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Needles in Haystacks and Individuals in DNA Pools

An article recently published on PLOS Genetics showing that (and how) individuals can be identified by their DNA within large publicly accessible pools DNA has led to genetic data being removed from publicly accessible websites by the NIH and the Wellcome Trust. As one geneticist quoted in Science put it “We have a false sense of security with pooled data.”

Whatever our sense of the security is, it seems always to have been possible to dig out individual information given the appropriate circumstances. Consider the following analogy: If I know that there is a particular combination of words in a book, it is only a matter of time before I find that combination. Moreover if I wish to find out whether there is a particular combination of words in a book it is, similarly, only a matter of time before I find out whether that combination actually appears in that book. The longer the book the longer it will take. If someone comes up with a way of searching the book using a computer program it will take less time.

If I have access to the relevant equipment, I have a person’s DNA and, crucially, I know that it is that person’s DNA, I am already in a strong position to find out a good deal about the person in question. Indeed, just with this information alone I could find out potentially more damaging things than being able to determine whether or not they are part of a particular DNA pool. If I am prepared to go to such lengths to find damaging information about a person there are certainly more convenient and sure-fire ways than this.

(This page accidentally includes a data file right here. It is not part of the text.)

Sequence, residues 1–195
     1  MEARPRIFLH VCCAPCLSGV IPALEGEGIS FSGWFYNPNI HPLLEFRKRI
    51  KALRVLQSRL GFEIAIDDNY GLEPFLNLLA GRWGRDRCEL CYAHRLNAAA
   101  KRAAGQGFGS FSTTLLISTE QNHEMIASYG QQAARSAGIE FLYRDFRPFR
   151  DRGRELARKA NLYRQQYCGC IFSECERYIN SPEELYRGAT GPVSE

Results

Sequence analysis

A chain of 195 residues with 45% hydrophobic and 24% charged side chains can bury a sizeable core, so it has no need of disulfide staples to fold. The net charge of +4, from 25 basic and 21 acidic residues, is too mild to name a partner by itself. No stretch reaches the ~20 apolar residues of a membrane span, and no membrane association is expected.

This study does seem to make the possibility of finding individuals explicit as well easier. The question then concerns the harms involved and the risk than these harms will be realised. As in many cases of research it is important to balance the risks of harm against the benefits that the research is likely to bring. What we do need is an account of what the actual risks are — that is, of an individual’s sensitive information falling into the hands of those who would harm them (rather than researchers) — and of the benefits that public access to DNA pools brings. All this needs to be separated from over-sensitivity to genetic security and privacy violations.

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1 Comment on this post

  1. What are the benefits to research of knowing that “it is that person’s DNA”. Surely the information could be properly anonymised? Even if I want to associate phenotypic charactersitics to a DNA, why be nominal about it?


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